Have you heard of STEM? This four-letter word is actually an acronym for Science, Technology, Engineering and Mathematics. Sometimes, you may also stumble upon STEAM, which includes Arts, along with the other four subjects.
Nowadays, rather than teaching them as four (or five) separate and distinct subjects, STEM is being cohesively incorporated into school syllabuses to form part of students’ overall curriculum.
Believe it or not, STEM is vital to the future of our economy and has a part in everything we do. How? Let’s find out!
STEM Explained in More Detail
Science helps us gain a better understanding of the world in which we live. It's the study of matter and energy (physics and chemistry), and the life around us (biology). It's the study of plants (botany), the universe (astrology and astronomy) and the earth (geology).
Everything from the weather to earthquakes, to ocean's waves, to the sand at the beach, to what we eat and drink and the clothes that we wear, to the soap that we use, to the medicines that we take, to the flowers that we plant—it's all based in science.
Technology has sneaked into our everyday lives and now affects everything we do. It affects how we sleep, play, study, work, travel, shop, diagnose and treat sick people. If we look around us right now, we'd be hard pressed to find something that has not been advanced by technology.
We can thank technological advancements for our cars, our smartphones, our synthetic mattresses, the springs in our beds, energy-efficient light bulbs, X-ray machines, home appliances, water filters, the carpets that we walk on, the chairs we stretch out on, electric cars, solar panels, the Internet, medical breakthroughs, and so much more. Technology is innovation at its finest. We might not like everything about it, but it's here to stay and is advancing at a rapid rate.
Engineering is the application of scientific knowledge to solve problems in the real world through building and design. It encompasses everything from construction (houses, roads, bridges), to tackling climate change, to modes of transportation, to household appliances, and cell phones. It's the study of architecture, mechanical design, robotics, avionics, information technology, technology, engineering (civil, mechanical, electrical and chemical).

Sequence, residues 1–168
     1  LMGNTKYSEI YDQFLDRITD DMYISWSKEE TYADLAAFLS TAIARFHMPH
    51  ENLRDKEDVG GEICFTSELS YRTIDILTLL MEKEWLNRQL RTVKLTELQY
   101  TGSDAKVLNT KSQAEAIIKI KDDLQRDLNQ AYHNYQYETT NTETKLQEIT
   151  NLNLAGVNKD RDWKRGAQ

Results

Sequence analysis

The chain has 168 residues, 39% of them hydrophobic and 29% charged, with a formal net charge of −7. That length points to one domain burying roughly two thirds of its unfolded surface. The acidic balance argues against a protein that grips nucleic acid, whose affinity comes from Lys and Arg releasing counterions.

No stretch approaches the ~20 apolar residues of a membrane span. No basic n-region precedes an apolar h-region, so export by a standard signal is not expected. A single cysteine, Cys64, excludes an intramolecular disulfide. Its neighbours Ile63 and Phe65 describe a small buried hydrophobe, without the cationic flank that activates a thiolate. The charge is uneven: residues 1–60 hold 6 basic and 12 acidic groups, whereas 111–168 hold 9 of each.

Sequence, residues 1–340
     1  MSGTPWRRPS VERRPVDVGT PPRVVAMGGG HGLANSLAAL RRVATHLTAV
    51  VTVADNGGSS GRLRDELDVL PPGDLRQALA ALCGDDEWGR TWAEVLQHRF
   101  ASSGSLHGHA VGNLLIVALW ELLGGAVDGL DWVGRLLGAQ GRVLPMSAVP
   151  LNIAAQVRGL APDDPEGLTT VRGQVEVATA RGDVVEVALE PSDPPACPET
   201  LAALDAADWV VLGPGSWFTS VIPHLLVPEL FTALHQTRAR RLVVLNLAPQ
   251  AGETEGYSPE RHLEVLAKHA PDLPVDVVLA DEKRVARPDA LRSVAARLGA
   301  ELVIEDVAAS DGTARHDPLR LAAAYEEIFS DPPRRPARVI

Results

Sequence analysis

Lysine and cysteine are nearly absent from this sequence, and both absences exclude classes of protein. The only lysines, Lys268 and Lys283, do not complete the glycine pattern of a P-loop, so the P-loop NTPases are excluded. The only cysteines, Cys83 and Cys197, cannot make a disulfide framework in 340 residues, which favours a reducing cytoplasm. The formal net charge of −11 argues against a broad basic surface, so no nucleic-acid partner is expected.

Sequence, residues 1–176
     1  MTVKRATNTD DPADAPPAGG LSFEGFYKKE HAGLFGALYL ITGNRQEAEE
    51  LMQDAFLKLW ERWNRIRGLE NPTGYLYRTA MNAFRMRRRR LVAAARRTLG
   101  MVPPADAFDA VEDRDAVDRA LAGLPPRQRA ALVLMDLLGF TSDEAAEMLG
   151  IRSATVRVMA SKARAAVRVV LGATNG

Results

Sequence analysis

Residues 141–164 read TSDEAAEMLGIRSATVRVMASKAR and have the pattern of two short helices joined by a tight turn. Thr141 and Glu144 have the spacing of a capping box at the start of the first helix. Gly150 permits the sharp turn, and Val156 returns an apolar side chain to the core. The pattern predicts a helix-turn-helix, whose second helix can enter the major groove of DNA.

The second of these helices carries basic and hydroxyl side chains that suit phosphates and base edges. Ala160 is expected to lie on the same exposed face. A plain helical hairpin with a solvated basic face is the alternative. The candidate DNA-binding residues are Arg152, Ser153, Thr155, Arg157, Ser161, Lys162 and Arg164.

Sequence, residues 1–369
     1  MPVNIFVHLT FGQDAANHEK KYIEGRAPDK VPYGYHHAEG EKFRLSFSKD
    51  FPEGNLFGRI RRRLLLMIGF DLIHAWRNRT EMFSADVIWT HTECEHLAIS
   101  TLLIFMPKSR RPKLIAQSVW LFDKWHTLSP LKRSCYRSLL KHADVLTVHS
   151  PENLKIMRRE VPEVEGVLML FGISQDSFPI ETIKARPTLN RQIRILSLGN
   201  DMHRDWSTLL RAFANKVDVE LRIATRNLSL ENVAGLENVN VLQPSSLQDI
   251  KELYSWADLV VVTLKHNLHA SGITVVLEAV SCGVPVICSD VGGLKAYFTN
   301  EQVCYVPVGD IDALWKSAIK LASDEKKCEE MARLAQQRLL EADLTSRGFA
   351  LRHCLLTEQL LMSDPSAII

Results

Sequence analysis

Math is the language of science, technology and engineering. No matter what our job is, math is an essential part of our lives. When we think of math we often think back to the horrors of calculus class. We wonder why it was so important to know how to do prime factorization because well, let's be honest, have we ever needed to do that since grade school? But math is so much more than that.
We need it to manage our household budgets, shop for groceries at the store, understand our taxes, manage work budgets, and save up for a vacation. Having a good understanding of math is essential in so many careers and not just the obvious ones like stock broker, economist, accountant, and tax adviser. It also plays a significant role in graphic design, animation, photography, engineering, games design, sports commentary, astronomy, and more.
Why Is STEM Education Important?
It's no longer enough to be proficient in English and math. It's no longer enough to just memorize a ton of facts. According to the National Math and Science Initiative, 15 of the 20 fastest-growing careers currently require a background in math or science.
“The innovations and creativity in science, technology, engineering and math (STEM) will be the drivers of tomorrow’s economy,” astrophysicist Neil deGrasse Tyson said in an interview with CNN. “If you are not a participant on that frontier, you will trail behind it and possibly get left behind entirely.”
STEM education is more than just those four specific disciplines, though. Its benefits carry over into a number of other areas. Through hands-on learning about real-world experiences, students are being taught to question, investigate, connect and reflect. STEM education requires kids to create, innovate, and build.
By practicing critical and logical thinking, students become better at solving problems, brainstorming new and better solutions, collaborating, communicating, and gain confidence to share their thoughts and ideas. STEM teaches kids how to engage with the world around them.
Building robots, experimenting with circuit boards, designing science experiments, coding, learning on iPads/computers, common core math, school field trips, and science camps are all great examples of STEM activities at school.
However, there's a lot we can do out of school too to further develop a child's STEM education. STEM activities for home can include LEGO building, baking, making your own play do'h, making a castle from cardboard boxes, and even playing games on the iPad! The list is literally endless.
It doesn’t matter where your child is becoming familiar with STEM education—it's important that they are getting a chance to learn through STEM. STEM workers will be the ones who "drive our nation's innovation and competitiveness by generating new ideas and new companies" (The US Department of Commerce).